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Published July 11th , 2018
DeSaulnier talks environment at Campolindo Town Hall
Congressman Mark DeSaulnier Photo provided

It was hot in Moraga on the afternoon of July 2. A grass fire in the open space next to Moraga Road had seriously snarled traffic, but it was not enough to cancel Rep. Mark DeSaulnier's town hall at Campolindo High School - it was merely shifted by one hour, with residents from Lamorinda and beyond filling the high school cafeteria. The attendance was not as high as at previous meetings, which had seen overflowing crowds, the news of the fire and road closure likely deterring people not very familiar with the area from attending.
DeSaulnier, who represents California's 11th district, started by framing the topic of environmental protection, sharing his philosophy and highlighting his own achievements while in office at the state and national level.
He explained how he favors the establishment of urban growth boundaries to stimulate more dense housing toward town centers and transportation, and curtail the spread of single-family residences in open space. He also discussed industrial safety, noting how he had been working with refineries for the past 20 years to establish industrial safety ordinances that are now becoming the law of the land.
DeSaulnier shared his concern about the current administration unraveling years of environmental protection. Several questions from the audience asked how to get rid of the now former EPA chief, Scott Pruitt, who resigned on July 5. The congressman noted how he is wary of the administration's attacks against the Clean Air Act and the Clean Water Act, which were, the congressman reminded the crowd, both signed by Richard Nixon.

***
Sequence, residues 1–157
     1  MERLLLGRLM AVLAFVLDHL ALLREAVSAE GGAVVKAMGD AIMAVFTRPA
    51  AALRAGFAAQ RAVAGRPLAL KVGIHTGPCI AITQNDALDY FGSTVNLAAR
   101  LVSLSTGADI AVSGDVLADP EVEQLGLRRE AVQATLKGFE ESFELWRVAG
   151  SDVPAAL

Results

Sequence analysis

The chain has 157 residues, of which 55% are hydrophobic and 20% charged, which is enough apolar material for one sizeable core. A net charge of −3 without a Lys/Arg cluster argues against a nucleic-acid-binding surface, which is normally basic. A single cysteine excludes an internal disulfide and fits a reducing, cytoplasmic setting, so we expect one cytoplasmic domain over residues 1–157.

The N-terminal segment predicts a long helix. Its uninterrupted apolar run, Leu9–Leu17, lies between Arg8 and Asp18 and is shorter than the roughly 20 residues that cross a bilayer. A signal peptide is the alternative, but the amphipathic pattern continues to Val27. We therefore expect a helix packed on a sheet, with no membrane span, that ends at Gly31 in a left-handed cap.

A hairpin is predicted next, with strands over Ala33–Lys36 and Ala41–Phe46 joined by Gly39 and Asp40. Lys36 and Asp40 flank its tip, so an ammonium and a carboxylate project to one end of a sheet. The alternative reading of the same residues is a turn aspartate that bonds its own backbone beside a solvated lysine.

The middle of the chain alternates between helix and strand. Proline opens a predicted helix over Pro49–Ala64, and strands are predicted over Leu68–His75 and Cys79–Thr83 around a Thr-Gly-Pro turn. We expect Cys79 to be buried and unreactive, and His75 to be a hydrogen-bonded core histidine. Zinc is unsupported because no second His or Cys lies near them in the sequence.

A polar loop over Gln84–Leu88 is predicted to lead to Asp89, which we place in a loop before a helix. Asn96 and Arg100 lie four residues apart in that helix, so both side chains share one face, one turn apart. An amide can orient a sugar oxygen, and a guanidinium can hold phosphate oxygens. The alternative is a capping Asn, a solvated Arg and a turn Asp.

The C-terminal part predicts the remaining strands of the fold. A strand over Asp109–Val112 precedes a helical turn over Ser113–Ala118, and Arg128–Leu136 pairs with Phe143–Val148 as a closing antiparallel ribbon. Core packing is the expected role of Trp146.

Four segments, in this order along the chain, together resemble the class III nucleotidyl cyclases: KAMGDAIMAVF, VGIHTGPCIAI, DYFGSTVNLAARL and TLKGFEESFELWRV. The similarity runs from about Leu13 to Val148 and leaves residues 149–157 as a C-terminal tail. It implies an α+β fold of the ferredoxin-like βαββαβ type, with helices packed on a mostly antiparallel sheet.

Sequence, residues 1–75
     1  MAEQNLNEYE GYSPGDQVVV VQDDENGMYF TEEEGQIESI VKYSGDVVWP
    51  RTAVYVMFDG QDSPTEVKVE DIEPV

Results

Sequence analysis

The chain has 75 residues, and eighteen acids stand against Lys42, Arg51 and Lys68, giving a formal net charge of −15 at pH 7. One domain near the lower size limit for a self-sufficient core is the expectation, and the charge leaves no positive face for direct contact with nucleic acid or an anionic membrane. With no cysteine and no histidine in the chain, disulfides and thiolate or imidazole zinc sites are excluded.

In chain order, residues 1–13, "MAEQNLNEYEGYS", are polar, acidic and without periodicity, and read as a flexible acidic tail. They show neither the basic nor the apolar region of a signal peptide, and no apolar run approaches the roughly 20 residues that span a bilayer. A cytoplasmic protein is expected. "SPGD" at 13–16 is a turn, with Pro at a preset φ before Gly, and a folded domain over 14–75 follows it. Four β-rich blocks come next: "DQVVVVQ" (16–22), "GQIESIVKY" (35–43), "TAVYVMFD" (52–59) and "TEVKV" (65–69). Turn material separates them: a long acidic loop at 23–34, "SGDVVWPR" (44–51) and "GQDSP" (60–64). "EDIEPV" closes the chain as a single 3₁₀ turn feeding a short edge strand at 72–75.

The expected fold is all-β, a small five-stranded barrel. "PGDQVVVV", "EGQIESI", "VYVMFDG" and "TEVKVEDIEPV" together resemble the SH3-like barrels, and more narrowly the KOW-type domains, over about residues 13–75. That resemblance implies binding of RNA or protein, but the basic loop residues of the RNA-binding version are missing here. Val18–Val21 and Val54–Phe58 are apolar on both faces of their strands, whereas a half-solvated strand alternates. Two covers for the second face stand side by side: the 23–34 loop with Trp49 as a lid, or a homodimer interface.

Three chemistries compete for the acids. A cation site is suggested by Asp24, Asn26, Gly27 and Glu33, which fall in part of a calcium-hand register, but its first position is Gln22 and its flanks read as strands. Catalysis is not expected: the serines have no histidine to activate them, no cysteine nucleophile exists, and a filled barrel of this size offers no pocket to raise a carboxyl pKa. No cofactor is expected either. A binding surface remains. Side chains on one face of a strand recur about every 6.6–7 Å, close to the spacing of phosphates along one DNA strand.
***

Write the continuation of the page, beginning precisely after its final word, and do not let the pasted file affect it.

"There was a time when you could be a Republican and be for environmental protection," he said. The Clean Air Act was based on a cost/benefit demonstration done by the state of California showing what it would cost to remove certain pollutants and the public health benefits that would result. The EPA would then confirm the state's findings and other states would follow. It included regulations to mandate more efficient cars, something that DeSaulnier says President Trump wants to deregulate.
DeSaulnier said that California has demonstrated how protecting the environment also stimulates the economy, and that the current administration's policy will not only hurt the environment, but put the country behind in terms of innovation and future growth.
Audience members expressed concern about carbon pollution, renewable energy, endangered species, and exploitation of tar sand in the Bay Area.
Several in the audience had questions about what to do now, since the administration is overtly undermining previous environmental protections and California being at the forefront may not need extra local support. The congressman had only one answer: engagement and participation. He repeated several times that a democracy cannot function well if people do not vote and they should also be well informed.
"When the people are engaged then the country is saved," he concluded.

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